Management of information within emergencies departments in developing countries: analysis at the National Emergency Department in Benin
Yolaine Glèlè Ahanhanzo, Alphonse Kpozehouen, Ghislain Sopoh, Charles Sossa-Jérôme, Laurent Ouedraogo, Michèle Wilmet-Dramaix
The Pan African Medical Journal. 2016;24:263. doi:10.11604/pamj.2016.24.263.9370

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Management of information within emergencies departments in developing countries: analysis at the National Emergency Department in Benin

Cite this: The Pan African Medical Journal. 2016;24:263. doi:10.11604/pamj.2016.24.263.9370

Received: 18/03/2016 - Accepted: 27/04/2016 - Published: 21/07/2016

Key words: Emergency Service, hospital, health information, management information systems, Benin

© Yolaine Glèlè Ahanhanzo et al. The Pan African Medical Journal - ISSN 1937-8688. This is an Open Access article distributed under the terms of the Creative Commons Attribution License (http://creativecommons.org/licenses/by/2.0), which permits unrestricted use, distribution, and reproduction in any medium, provided the original work is properly cited.

Available online at: http://www.panafrican-med-journal.com/content/article/24/263/full

Corresponding author: Yolaine Glèlè Ahanhanzo, Regional Institute of Public Health, University of Abomey-Calavi, Center of Research in Epidemiology, Biostatistics and Clinical Research, School of Public Health, Université Libre de Bruxelles, Bruxelles, Belgium (nyglele@yahoo.fr)


Management of information within emergencies departments in developing countries: analysis at the National Emergency Department in Benin

Yolaine Glèlè Ahanhanzo1,2,&, Alphonse Kpozehouen1, Ghislain Sopoh1, Charles Sossa-Jérôme1, Laurent Ouedraogo1, Michèle Wilmet-Dramaix2

 

1Public Health Regional Institute, University of Abomey-Calavi, Benin, 2Center of research in Epidemiology, Biostatistics and Clinical Research, School of Public Health, Université Libre de Bruxelles, Bruxelles, Belgium

 

 

&Corresponding author
Yolaine Glèlè Ahanhanzo, Regional Institute of Public Health, University of Abomey-Calavi, Center of Research in Epidemiology, Biostatistics and Clinical Research, School of Public Health, Université Libre de Bruxelles, Bruxelles, Belgium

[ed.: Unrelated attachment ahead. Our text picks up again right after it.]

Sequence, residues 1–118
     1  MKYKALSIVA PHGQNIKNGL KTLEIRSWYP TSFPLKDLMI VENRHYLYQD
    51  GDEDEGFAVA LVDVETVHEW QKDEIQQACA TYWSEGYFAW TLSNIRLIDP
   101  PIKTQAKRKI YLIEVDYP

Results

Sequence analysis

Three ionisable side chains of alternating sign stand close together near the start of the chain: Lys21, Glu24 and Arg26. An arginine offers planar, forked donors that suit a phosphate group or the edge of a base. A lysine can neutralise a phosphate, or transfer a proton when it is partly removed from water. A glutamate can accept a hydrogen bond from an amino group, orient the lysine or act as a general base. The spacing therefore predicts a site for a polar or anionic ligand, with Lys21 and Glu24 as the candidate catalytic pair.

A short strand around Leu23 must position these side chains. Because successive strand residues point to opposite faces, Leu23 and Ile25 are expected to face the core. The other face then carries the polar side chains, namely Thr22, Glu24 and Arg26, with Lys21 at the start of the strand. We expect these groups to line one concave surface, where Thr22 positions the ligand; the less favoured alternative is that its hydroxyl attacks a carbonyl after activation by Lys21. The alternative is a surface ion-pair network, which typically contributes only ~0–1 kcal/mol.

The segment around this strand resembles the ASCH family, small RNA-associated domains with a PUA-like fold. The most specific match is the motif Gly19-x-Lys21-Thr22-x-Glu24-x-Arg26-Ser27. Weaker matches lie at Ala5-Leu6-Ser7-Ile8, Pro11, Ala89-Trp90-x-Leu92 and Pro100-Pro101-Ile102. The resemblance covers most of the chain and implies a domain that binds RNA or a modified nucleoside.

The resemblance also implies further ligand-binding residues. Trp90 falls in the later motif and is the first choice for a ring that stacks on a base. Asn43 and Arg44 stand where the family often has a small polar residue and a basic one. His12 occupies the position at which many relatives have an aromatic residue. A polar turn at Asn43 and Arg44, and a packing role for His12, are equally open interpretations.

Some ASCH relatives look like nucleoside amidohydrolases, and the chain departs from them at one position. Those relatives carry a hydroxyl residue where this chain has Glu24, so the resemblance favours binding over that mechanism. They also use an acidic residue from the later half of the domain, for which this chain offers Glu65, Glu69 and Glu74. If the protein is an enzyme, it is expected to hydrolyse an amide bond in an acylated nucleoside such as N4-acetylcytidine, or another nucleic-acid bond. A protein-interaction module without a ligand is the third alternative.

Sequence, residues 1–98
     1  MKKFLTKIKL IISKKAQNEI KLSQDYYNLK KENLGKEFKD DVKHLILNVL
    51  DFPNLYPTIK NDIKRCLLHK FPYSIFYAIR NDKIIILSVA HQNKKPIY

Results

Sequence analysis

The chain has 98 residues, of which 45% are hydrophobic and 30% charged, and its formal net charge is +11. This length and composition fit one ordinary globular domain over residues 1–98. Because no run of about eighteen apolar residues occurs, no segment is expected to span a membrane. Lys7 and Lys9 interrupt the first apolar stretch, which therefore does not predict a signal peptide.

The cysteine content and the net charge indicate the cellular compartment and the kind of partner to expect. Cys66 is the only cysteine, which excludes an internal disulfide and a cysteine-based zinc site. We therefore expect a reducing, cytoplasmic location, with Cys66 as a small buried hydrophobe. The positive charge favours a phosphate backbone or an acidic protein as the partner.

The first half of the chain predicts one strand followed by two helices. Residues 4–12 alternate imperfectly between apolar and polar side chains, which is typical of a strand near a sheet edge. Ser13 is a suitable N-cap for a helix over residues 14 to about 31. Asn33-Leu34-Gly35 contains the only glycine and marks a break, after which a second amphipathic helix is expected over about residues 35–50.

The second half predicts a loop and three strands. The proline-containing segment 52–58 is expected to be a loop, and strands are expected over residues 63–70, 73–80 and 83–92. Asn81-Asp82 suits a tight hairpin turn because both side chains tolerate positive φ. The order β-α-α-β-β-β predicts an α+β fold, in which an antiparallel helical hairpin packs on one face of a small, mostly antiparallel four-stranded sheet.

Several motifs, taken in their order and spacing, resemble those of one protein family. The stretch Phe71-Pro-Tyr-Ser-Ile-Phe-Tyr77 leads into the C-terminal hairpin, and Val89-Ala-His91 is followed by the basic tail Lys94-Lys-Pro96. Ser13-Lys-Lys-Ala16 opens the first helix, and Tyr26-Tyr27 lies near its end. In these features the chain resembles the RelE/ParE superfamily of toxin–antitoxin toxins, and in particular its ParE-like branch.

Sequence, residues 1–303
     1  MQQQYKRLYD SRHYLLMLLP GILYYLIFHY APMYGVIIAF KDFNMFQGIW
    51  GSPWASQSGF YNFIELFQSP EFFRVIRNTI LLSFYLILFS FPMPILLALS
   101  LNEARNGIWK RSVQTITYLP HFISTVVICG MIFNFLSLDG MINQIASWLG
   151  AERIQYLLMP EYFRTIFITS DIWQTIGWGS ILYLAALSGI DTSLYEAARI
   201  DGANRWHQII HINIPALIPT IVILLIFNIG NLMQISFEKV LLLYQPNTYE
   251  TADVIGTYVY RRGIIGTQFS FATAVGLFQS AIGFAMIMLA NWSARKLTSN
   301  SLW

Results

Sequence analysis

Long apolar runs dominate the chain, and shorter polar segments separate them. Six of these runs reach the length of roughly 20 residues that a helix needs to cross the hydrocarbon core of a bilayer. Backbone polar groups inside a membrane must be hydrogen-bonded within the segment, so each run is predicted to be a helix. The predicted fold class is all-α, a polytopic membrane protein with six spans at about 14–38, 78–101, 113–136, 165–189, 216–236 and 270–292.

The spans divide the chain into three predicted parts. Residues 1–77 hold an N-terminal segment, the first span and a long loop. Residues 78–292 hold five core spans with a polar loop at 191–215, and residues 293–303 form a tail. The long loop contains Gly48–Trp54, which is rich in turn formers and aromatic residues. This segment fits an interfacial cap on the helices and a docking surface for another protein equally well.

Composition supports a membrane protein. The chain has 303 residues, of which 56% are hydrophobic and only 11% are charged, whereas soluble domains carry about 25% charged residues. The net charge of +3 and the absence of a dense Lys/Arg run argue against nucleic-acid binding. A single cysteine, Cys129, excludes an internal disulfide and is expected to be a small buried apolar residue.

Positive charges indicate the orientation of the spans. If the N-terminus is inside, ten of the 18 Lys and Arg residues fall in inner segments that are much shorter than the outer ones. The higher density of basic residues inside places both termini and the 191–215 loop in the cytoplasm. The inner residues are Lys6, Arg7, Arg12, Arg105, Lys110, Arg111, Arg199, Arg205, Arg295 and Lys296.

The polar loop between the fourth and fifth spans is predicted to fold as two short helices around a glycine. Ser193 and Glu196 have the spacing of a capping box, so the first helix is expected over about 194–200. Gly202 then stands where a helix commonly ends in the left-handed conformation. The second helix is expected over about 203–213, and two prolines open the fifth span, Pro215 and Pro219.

Abstract

Introduction: the management of health information is a key pillar in both emergencies reception and handling facilities, given the strategic position and the potential of these facilities within hospitals, and in the monitoring of public health and epidemiology. With the technological revolution, computerization made the information systems evolve in emergency departments, especially in developed countries, with improved performance in terms of care quality, productivity and patient satisfaction. This study analyses the situation of Benin in this field, through the case of the Academic Clinic of Emergency Department of the National University Teaching Hospital of Cotonou, the national reference hospital.

 

Methods: the study is cross-sectional and evaluative. Collection techniques are literature review and structured interviews. The components rated are resources, indicators, data sources, data management and the use-dissemination of the information through a model adapted from Health Metrics Network framework. We used quantitative and qualitative analysis.

 

Results: the absence of a regulatory framework restricts the operation of the system in all components and accounts for the lack and inadequacy of the dedicated resources.

 

Conclusion: dedication of more resources for this system for crucial needs such as computerization requires sensitization and greater awareness of the administrative authorities about the fact that an effective health information management system is of prime importance in this type of facility.

 

 

Introduction    Down